Your pet is family. You love her unconditionally, and she loves you! So what if your pet suddenly became blind, deaf, or paralyzed? You’d still love her, but life would definitely change. Pets with special needs/disabilities come into our lives in many different ways, and thanks to today’s healthcare innovations, we can make their lives easier and be happier together.
A disabled pet has the same needs and emotions as any other pet. She wants to play, socialize, and be mentally stimulated. Chances are she doesn’t even realize there’s something wrong with her, especially if her condition is something she’s lived with her whole life.
Life with your aging pet
As your pet ages, she may naturally lose sight, hearing, or mobility due to age-related conditions. Changes in sight and hearing are often not immediately evident. Lost mobility, however, is readily evident. Regardless of the disability, a disabled pet will adapt and live a happy life on a daily basis.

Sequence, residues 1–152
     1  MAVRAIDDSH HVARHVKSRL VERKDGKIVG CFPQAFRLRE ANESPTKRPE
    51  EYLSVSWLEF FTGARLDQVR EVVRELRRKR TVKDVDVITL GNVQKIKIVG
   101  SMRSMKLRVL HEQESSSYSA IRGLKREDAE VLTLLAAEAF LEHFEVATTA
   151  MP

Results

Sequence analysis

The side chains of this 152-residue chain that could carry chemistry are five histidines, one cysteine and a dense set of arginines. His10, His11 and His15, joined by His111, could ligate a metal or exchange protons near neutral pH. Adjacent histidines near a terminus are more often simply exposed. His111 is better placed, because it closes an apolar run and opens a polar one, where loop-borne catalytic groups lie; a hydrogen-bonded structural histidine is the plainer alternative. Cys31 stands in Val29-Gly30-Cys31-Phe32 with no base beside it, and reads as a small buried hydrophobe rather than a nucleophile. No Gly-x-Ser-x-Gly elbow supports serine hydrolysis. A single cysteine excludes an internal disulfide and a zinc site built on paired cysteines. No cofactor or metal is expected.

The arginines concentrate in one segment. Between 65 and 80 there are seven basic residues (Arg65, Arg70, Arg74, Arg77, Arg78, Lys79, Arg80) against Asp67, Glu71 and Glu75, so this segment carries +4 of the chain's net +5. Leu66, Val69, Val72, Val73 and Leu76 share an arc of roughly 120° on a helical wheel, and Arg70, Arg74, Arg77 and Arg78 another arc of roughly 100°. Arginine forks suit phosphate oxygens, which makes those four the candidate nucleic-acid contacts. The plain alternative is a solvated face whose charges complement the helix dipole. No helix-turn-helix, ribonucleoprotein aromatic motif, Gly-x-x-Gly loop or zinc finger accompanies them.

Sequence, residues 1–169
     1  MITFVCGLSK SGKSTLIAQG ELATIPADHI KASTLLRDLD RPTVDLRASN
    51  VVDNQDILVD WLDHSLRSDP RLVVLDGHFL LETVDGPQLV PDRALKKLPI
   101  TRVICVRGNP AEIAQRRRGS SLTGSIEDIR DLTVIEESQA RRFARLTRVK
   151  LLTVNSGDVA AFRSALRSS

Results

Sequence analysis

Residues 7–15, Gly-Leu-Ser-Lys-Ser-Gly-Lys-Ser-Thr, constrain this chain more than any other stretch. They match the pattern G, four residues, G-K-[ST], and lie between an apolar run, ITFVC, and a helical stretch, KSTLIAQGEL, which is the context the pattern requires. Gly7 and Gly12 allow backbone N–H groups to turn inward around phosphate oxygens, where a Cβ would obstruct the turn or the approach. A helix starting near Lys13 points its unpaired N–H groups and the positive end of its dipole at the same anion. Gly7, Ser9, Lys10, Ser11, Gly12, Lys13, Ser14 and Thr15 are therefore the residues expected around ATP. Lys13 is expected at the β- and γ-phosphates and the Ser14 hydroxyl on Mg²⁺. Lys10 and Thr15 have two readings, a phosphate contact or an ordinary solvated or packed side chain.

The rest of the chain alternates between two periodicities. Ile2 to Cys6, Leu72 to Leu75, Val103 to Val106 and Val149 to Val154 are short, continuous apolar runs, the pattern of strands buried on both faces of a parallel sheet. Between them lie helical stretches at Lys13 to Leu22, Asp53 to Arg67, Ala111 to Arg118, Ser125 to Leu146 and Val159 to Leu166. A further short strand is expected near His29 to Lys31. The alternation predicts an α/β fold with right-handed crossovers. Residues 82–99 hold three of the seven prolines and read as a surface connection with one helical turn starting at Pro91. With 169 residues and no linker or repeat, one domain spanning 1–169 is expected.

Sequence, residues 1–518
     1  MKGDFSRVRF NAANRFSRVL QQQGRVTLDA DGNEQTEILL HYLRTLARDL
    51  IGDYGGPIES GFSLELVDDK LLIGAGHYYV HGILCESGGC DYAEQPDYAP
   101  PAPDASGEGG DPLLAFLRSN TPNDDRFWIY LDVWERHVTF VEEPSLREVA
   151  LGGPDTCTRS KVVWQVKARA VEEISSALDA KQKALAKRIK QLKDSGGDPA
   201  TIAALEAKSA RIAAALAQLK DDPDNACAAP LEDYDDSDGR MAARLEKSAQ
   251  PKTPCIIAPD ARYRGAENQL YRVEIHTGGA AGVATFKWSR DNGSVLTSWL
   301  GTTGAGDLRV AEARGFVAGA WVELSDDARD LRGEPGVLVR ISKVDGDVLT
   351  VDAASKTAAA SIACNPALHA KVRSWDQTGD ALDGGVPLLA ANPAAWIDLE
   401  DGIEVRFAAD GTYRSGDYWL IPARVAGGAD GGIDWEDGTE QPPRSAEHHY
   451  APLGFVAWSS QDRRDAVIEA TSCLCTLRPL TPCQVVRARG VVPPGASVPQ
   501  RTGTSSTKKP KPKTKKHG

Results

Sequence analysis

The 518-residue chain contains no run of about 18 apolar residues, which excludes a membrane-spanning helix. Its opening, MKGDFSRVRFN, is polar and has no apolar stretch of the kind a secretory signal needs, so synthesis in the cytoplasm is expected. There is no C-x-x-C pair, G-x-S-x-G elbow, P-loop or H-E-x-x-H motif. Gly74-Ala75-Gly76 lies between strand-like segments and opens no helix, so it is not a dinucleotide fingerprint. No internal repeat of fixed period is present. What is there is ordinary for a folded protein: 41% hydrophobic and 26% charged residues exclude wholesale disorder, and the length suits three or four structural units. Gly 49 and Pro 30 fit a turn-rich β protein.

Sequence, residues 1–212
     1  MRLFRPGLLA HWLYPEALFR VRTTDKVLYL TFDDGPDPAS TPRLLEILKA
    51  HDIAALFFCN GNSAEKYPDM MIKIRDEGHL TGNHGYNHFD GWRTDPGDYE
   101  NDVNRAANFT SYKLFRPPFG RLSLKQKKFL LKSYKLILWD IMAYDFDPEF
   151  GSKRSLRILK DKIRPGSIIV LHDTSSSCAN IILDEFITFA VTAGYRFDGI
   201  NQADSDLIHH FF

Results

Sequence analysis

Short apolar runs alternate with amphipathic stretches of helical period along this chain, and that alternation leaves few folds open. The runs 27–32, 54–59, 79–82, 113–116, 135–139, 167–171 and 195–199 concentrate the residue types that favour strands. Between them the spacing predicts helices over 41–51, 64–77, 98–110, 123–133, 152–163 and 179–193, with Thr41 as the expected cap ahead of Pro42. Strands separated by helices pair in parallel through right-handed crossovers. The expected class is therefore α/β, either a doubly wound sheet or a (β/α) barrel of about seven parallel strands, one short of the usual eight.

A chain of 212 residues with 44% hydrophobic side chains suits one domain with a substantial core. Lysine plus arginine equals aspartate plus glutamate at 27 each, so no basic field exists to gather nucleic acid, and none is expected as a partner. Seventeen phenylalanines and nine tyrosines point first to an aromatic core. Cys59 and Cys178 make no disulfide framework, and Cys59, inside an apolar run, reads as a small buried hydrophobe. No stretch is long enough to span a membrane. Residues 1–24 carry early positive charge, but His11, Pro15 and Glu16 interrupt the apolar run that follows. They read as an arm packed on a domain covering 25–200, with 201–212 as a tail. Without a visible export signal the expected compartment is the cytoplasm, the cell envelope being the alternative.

How a pet with special needs adapts is largely up to her pet parent. Yes, a handicapped pet might need more help or attention, but the trust and love you and your pet share outweighs any limitations. Living with a disabled pet isn’t always easy or stress-free, but support groups and industry experts like Drs. Foster and Smith can offer parents of special needs pets insights and strategies for ongoing success.
Solutions to best navigate changing health conditions
Many new products help simplify everyday life for pets with special needs: Walkin’ Wheels wheelchairs for dogs who suffer from weak or paralyzed hind legs, the Walkin'® Drag Bag for pets with paralyzed hind legs, and even products to help pets recovering from injuries or surgery. Explore our entire new line of special needs products.
Thinking of adoption?
Handicapped pets are totally adoptable, and shelters house plenty of special needs animals waiting to find their forever home. If you are looking to adopt a disabled/special needs pet, consider the following: your family’s lifestyle, financial resources, patience level, time availability, your physical ability to literally handle a disabled pet, and your willingness to possibly forgo “normal” pet/parent activities like playing fetch or going for long walks. In most cases, adopting a special needs pet requires only a few simple environmental changes and some behavioral adaptations on your part.
Already share your life with a special needs pet?
As always, we’d love to hear from you. Please like us on Facebook and share your special needs pet’s story. Or just stop by to say hello! And remember, you and your pets are not alone.